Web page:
Challenging project on cell structure attracts USD$1.5 million grant

Associate Professor Alex de Marco
Associate Professor Alex de Marco

Monash BDI scientist Associate Professor Alex de Marco is part of an international team that has gained a highly-competitive grant from the International Human Frontier Science Program Organization.

The Human Frontier Science Program Research Grant, worth USD$350,00 per year over three years, was awarded to Dr Oriol Gallego from Pompeu Fabra University, Barcelona, Spain (principal applicant), Associate Professor de Marco, and Dr Daniel Castano-Diez, University of Basel, Switzerland. Almost 550 teams applied for the grants with only 20 teams gaining one.

The program funds bold, cutting-edge projects by international teams that are not supported by more risk-averse funding bodies.

The grant will fund an ambitious study investigating the global mechanism controlling exocytosis using advanced imaging techniques. Exocytosis, by which biomolecules in cells are transported to the cell surface and secreted from its periphery, is an important process in cells.

The team is studying ‘constitutive exocytosis’, which is generally present in all eukaryotes where it regulates cell growth, cell progression and cell polarity. It is involved in multiple human pathologies including cancer and neurological disorders.

“What we are really trying to do is understand how the machineries that regulate constitutive exocytosis work together,” Associate Professor de Marco said. “The machineries are very complex and the process of exocytosis very dynamic,” he said.

No structural data about these collective machineries exists and although it has long been studied, the mechanism of exocytosis could not be reconstituted in vitro, he said.

The team combines the complementary expertise needed to equip it for the task from groups that are outstanding in their field: Dr Gallego is an expert in yeast biology and live cell imaging; Dr de Marco has expertise in developing methods for in-situ structural biology and instrumentation for high resolution cryo-EM imaging; and Dr Castano-Diez in developing computational analysis of cyro-EM data and software.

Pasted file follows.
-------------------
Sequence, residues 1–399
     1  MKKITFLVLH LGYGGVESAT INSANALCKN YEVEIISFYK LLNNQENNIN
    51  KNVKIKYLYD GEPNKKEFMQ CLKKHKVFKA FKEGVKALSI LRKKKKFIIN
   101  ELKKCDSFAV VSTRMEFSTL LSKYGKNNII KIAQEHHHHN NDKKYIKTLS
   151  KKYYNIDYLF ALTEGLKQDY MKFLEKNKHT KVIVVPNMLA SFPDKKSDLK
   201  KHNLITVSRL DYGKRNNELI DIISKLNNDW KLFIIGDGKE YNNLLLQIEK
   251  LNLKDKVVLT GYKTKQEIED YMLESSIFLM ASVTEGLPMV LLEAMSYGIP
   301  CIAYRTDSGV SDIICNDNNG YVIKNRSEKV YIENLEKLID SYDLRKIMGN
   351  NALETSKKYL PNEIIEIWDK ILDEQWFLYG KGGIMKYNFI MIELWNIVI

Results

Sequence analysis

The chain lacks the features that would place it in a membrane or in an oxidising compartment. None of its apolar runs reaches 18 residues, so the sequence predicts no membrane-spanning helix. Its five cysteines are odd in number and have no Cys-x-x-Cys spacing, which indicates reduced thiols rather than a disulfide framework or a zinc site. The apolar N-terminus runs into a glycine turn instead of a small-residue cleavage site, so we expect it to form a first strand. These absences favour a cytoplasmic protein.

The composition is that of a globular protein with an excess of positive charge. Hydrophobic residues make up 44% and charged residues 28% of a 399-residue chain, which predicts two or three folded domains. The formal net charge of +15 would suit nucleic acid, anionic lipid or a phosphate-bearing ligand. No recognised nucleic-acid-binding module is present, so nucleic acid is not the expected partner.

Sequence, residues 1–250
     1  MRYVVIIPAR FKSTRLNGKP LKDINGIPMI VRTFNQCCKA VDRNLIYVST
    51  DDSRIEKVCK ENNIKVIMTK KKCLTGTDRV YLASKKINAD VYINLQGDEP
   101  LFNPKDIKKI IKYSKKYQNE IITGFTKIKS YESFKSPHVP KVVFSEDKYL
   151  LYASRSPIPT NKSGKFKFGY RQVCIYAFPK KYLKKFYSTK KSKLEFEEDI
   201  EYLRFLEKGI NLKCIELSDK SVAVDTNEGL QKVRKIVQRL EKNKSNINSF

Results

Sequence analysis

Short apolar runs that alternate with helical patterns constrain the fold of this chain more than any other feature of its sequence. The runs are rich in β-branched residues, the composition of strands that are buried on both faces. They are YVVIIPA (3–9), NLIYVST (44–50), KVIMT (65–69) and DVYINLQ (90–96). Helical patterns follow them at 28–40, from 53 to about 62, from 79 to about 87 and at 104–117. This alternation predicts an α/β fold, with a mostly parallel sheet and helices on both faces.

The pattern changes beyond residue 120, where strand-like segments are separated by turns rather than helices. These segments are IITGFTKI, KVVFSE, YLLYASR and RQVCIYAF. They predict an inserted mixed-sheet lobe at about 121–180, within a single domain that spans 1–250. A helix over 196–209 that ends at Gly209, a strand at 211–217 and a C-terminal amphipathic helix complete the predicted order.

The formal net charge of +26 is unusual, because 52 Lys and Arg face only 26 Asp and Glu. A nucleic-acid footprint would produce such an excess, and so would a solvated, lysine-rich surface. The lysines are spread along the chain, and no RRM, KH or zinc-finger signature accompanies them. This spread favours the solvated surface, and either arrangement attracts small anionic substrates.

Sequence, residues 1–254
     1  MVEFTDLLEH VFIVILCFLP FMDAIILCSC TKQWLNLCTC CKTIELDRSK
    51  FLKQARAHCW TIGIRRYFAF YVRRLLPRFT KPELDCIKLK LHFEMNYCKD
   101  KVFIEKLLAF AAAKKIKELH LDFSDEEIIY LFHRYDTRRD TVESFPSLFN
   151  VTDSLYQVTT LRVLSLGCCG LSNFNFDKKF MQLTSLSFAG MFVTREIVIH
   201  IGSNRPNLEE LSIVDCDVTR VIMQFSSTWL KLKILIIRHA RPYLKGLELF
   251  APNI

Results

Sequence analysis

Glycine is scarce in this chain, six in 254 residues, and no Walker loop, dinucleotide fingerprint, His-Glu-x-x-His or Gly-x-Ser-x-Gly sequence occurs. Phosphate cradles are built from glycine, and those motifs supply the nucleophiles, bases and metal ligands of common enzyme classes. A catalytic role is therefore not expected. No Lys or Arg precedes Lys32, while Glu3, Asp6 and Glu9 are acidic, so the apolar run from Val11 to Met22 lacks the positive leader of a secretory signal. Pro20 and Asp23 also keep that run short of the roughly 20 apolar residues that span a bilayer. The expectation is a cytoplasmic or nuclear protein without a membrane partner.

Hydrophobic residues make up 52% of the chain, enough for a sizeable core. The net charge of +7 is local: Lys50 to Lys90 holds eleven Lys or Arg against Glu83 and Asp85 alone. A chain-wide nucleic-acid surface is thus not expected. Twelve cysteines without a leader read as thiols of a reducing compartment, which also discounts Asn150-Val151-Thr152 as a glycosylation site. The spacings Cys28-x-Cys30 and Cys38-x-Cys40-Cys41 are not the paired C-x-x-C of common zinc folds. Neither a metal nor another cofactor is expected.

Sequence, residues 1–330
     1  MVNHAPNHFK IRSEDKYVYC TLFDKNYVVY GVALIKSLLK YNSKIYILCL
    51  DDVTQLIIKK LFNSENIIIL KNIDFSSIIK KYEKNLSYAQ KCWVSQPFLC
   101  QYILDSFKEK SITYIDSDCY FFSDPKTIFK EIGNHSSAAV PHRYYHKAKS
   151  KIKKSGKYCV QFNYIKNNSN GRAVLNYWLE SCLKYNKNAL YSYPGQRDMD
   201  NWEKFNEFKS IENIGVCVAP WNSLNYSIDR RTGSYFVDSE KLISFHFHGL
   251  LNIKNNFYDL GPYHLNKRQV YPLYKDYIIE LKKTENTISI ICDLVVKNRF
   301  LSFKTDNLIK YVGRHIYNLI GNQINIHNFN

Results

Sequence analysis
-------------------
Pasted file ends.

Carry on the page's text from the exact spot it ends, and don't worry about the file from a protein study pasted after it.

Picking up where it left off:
Using yeast cells, the multidisciplinary team will combine the use of live-cell imaging with the development of imaging instrumentation and advanced mathematical modelling to build an enhanced set-up capable of reconstructing the cellular machinery. Dr Gallego will develop molecular nano tools to allow the team to identify the parts of the process and hopefully see the event.

“It’s a very challenging project,” Associate Professor de Marco said. “We’ll develop new methods, based on cryogenic electron microscopy imaging to see how these complex machineries look like in a cell.

“If we were able to resolve this structure it would be a huge step forward,” he said.

“Exocytosis is one of the major processes in cells. Knowing how it actually works per se would be a very valuable set of information. We know this process is also very important in cancer and neurodegenerative disease so it could be very useful in drug development.”

The tools Dr de Marco is aiming to develop would also open doors for scientists working on a broad range of other work on cells.

The Human Frontier Science Program (HFSP) promotes international collaboration in basic research focused on the elucidation of the sophisticated and complex mechanisms of living organisms.


About the Monash Biomedicine Discovery Institute

Committed to making the discoveries that will relieve the future burden of disease, the newly established Monash Biomedicine Discovery Institute at Monash University brings together more than 120 internationally-renowned research teams. Our researchers are supported by world-class technology and infrastructure, and partner with industry, clinicians and researchers internationally to enhance lives through discovery.